Reward time on smart board or iPads are great rewards. One hour sessions.

Reflections:Technology curriculum

tech pic

Learning activity 1 narrative

 The activity carried out in Scratch relates to the digital technology curriculum (ACARA, 2014).

Content descriptor  4.5:

Implement simple digital solutions as visual programs with algorithms involving branching (decisions) and user input.


 Implementing programs that make decisions on the basis of user input or choices such as through selecting a button, pushing a key or moving a mouse to ‘branch’ to a different segment of the solution.

The first activity carried out in Scratch was to program simple command sequences making the sprite move, dance to different sounds and change colour and then repeat the command sequences. This allowed curricular implementation of a visual program through basic commands, allowing the user to adjust degrees of clockwise or anticlockwise movement and amount of movement of the sprite through number keys.  In addition, the user makes decisions to program the spite in different motions, sounds and looks, often duplicating the commands; all using mouse clicks.

On reflection of this new learning experience, the importance of computational language was high lighted, as vocabulary and concepts like sprite, command sequence had to be comprehended and applied. The application of this activity could be in the designing of a creative story and in middle primary mathematics when applying knowledge and skills relating to location, direction and angles.


 activity 1

activity 1.1 

 Learning activity 2 narrative


The second activity carried out in scratch relates to the digital technologies curriculum (ACARA, 2014).

Content descriptor 6.7

Implement digital solutions as simple visual programs involving branching, iteration (repetition), and user input.


Planning and implementing a solution using a visual programming language that requires user input to make selections, taking into account user responses.

The second activity carried out in Scratch built upon skills of repeating command sequences and understanding the conceptual language of computational thinking. The activity required the skill of problem solving to create regular polygons. The activity linked to Technology Curriculum in that user input via number keys and mouse clicks allowed for movement, direction, sketching and repetition programming to create regular polygons.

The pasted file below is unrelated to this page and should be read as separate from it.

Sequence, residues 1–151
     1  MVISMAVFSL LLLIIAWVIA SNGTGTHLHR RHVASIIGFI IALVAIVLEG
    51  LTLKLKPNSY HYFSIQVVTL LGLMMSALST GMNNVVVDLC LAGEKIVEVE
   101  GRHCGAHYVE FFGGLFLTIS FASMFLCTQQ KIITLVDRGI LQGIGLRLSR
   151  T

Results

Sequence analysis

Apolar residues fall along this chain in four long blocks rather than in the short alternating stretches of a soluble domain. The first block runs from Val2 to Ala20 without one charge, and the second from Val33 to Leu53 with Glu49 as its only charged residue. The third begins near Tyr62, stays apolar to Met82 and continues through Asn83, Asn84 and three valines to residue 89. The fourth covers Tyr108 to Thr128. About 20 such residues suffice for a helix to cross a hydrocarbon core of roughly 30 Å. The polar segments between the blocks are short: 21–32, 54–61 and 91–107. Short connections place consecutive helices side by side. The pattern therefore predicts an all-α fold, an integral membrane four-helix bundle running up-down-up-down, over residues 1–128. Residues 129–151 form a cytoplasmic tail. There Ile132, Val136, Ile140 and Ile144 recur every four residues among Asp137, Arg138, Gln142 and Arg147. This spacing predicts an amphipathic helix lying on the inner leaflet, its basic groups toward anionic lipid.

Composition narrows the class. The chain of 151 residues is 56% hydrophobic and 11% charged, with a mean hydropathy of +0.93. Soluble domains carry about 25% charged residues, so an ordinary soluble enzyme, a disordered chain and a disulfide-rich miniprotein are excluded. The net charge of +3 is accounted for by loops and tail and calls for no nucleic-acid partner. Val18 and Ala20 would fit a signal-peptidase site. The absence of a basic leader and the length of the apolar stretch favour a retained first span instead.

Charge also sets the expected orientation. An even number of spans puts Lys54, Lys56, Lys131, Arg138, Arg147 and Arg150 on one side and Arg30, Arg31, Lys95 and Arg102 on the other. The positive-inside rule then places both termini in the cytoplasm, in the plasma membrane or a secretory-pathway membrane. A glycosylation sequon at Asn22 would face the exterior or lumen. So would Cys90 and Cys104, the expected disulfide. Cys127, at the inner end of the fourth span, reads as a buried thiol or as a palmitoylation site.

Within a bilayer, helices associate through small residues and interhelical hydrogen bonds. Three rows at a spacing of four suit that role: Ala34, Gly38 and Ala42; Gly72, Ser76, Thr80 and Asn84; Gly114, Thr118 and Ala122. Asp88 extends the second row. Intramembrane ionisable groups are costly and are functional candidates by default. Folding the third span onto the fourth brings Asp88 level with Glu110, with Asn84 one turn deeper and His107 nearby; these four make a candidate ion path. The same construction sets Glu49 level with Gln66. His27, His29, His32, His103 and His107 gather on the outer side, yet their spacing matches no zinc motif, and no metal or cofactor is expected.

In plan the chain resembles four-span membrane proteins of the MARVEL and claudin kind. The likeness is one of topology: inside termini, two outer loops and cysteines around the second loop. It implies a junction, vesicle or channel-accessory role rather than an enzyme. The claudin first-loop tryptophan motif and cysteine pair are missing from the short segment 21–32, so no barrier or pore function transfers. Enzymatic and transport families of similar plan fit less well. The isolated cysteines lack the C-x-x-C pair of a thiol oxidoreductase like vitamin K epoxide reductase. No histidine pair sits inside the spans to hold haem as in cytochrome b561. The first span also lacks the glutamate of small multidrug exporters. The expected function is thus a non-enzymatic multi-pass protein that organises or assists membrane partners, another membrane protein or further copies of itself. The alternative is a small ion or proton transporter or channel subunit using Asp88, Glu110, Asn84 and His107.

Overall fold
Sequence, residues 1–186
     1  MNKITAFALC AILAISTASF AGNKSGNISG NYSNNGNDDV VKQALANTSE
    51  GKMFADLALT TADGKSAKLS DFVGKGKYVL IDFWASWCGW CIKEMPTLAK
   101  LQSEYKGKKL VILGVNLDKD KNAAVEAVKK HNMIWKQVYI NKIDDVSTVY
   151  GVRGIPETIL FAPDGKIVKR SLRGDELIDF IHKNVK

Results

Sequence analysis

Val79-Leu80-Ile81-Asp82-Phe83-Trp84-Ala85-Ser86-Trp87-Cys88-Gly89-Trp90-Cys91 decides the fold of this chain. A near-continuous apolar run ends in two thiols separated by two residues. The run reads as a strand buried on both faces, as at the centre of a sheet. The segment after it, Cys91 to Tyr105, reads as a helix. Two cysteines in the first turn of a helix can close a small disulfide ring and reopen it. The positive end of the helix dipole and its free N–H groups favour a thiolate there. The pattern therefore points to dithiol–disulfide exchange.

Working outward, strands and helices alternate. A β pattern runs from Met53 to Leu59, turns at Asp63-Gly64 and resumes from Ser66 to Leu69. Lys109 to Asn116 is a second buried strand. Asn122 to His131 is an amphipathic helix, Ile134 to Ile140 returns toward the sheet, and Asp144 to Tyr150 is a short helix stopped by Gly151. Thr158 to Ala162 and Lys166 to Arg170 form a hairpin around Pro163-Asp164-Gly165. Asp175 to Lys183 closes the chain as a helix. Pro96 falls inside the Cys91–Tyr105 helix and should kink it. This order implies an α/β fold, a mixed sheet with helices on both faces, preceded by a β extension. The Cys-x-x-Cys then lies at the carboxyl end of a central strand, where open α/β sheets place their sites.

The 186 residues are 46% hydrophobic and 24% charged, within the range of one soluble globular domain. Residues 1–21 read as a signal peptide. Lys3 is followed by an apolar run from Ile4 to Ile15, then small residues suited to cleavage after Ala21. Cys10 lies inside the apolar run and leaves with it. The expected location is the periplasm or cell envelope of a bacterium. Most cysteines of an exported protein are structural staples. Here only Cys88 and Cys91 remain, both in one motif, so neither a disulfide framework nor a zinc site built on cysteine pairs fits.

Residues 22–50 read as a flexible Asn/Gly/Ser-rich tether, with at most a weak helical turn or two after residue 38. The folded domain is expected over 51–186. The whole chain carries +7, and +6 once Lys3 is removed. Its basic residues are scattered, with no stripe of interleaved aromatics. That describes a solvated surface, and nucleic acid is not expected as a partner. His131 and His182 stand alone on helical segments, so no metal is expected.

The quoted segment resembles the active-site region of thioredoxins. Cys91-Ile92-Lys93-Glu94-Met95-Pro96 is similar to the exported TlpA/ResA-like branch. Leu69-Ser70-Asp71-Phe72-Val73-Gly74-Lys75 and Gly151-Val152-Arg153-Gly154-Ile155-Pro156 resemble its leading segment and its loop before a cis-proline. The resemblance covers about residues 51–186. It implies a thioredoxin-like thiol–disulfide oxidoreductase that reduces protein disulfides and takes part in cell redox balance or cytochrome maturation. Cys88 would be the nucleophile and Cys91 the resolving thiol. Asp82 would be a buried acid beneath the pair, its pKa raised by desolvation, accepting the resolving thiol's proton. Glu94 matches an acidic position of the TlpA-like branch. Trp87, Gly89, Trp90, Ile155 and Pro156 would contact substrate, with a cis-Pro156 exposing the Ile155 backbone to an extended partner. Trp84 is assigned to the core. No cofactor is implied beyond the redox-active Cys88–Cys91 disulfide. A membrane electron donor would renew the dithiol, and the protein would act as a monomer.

Trying to create a house sketch was quiet challenging, as it required a combination of digital technologies and mathematics skills through knowledge of applying command sequences in the right order with understandings of angles and direction. It took a few goes of trial and error before a house was finally created.

This activity has application potential in a higher primary mathematics classroom particularly for students with a disability such as cerebral palsy whereby holding a ruler and pencil at the same time is difficult, yet required when drawing polygons for geometry.

activity 2


 Learning activity 3 narrative


The activity carried out in Scratch relates to the digital technology curriculum (ACARA, 2014).

Content 6.7:

Implement digital solutions as simple visual programs involving branching, iteration (repetition), and user input


Planning and implementing a solution using a visual programming language, for example designing and creating a simple computer game involving decisions and repetitions, suitable for younger children, that requires user input to make selections, taking into account user responses.

The third activity carried out in Scratch was to etch a sketch and to program a simple car race game. The activity required manipulation of the pen by changing size, shape, thickness and colour. This tool could be used in art classes for digital sketching thus catering to multiple intelligences. The creating of the car game required a background track and a racing car sprite to be designed. Then a series of command sequences were devised using repetition and user input determining the direction and amount of steps to be moved forward or in reverse for the racing car to reach the finishing line. The racing car game would be a good activity to use in a year six classroom to fulfill the above aims of the digital technology curriculum.

activity 3


cativity 3.1

Lessons learnt


Lesson learnt. (2013). [Image]. Retrieved from here


The lessons I have learnt this session of professional experience have been invaluable.

Firstly, I have come to realize that we need to connect students to their learning in a manner that self motivates them. We need to seek their specific needs, find what makes them tick and use the most appropriate tools that foster a connection to the learning. Essentially we need to as Ira Socol suggests, make schools a tool shop where students use the tools that best suit their learning needs.